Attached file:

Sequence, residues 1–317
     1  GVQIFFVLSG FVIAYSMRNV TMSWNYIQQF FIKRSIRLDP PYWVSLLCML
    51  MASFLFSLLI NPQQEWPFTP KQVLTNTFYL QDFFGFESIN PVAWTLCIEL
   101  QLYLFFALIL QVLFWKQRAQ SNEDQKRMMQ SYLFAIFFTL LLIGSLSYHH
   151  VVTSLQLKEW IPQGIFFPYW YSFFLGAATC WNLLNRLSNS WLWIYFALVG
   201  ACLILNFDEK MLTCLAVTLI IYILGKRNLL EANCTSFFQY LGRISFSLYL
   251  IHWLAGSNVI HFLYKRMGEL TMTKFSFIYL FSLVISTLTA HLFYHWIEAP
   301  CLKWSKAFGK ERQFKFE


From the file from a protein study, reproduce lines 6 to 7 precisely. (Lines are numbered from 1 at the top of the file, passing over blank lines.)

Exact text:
   201  ACLILNFDEK MLTCLAVTLI IYILGKRNLL EANCTSFFQY LGRISFSLYL
   251  IHWLAGSNVI HFLYKRMGEL TMTKFSFIYL FSLVISTLTA HLFYHWIEAP